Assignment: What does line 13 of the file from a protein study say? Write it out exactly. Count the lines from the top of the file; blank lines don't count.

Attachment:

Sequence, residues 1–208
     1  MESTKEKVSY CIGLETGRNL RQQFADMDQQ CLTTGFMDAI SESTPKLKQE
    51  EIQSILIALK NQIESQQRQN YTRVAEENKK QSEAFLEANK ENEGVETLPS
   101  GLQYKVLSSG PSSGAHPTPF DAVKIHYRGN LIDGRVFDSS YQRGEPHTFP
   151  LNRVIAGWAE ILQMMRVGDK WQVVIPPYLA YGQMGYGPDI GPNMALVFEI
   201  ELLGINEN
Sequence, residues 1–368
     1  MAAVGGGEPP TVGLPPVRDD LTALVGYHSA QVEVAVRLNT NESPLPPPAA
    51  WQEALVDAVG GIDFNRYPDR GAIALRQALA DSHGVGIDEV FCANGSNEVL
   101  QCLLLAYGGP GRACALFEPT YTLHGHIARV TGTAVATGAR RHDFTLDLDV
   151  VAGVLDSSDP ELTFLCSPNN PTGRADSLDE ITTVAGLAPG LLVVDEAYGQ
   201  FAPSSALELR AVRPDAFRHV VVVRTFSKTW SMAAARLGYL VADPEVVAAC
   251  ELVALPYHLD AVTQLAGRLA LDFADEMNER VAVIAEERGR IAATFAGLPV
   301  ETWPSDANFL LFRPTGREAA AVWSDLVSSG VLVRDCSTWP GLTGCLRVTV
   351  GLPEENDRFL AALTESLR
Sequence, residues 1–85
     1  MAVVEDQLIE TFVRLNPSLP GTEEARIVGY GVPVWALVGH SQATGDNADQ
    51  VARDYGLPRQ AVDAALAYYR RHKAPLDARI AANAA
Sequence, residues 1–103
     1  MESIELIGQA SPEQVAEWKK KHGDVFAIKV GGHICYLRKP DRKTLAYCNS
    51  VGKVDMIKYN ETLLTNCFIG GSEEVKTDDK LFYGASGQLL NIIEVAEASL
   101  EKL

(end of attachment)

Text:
   251  ELVALPYHLD AVTQLAGRLA LDFADEMNER VAVIAEERGR IAATFAGLPV